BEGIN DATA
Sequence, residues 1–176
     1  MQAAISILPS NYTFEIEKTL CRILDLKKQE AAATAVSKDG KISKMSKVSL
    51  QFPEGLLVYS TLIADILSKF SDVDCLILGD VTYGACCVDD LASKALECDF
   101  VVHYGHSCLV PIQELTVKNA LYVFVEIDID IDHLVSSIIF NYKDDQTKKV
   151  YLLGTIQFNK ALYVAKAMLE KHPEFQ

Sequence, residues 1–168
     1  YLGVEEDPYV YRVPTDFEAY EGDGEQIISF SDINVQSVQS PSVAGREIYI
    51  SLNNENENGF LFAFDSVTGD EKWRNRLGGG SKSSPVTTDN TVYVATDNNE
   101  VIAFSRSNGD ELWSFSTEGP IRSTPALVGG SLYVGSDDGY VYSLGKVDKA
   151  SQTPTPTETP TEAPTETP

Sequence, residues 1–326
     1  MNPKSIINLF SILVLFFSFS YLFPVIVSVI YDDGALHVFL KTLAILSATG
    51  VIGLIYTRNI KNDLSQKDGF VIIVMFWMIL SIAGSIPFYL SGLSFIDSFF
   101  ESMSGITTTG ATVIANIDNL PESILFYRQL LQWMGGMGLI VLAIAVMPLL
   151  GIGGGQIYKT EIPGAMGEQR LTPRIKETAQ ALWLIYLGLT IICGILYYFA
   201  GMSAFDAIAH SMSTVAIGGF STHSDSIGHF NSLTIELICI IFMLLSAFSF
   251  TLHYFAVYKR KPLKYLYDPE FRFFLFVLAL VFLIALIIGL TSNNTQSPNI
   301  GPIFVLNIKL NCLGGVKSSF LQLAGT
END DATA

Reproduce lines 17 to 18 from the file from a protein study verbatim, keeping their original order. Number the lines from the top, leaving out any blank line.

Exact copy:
   251  TLHYFAVYKR KPLKYLYDPE FRFFLFVLAL VFLIALIIGL TSNNTQSPNI
   301  GPIFVLNIKL NCLGGVKSSF LQLAGT